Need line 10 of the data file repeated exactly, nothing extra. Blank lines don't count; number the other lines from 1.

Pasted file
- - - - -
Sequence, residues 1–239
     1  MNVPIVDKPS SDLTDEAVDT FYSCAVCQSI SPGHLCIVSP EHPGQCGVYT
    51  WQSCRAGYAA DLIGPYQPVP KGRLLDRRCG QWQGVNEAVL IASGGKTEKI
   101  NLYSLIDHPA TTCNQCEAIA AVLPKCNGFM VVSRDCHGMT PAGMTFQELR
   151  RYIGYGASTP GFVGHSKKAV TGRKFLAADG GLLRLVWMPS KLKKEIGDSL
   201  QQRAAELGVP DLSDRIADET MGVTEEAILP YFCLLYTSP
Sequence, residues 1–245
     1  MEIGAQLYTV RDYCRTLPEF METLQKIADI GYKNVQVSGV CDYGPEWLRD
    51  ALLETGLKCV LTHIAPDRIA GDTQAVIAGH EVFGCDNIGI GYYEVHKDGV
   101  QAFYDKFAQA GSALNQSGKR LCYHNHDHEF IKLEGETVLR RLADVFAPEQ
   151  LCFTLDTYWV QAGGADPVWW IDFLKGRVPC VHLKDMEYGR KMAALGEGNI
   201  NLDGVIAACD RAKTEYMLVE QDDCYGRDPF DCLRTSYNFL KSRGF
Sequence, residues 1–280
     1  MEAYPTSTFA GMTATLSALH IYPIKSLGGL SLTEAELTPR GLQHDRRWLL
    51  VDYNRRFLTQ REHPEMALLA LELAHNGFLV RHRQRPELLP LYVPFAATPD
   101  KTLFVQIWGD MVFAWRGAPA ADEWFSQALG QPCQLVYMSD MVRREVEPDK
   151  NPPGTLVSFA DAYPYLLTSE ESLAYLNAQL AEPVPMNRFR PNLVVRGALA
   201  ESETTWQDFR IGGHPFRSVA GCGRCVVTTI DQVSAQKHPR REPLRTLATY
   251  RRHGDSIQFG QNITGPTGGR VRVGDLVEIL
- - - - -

   101  QAFYDKFAQA GSALNQSGKR LCYHNHDHEF IKLEGETVLR RLADVFAPEQ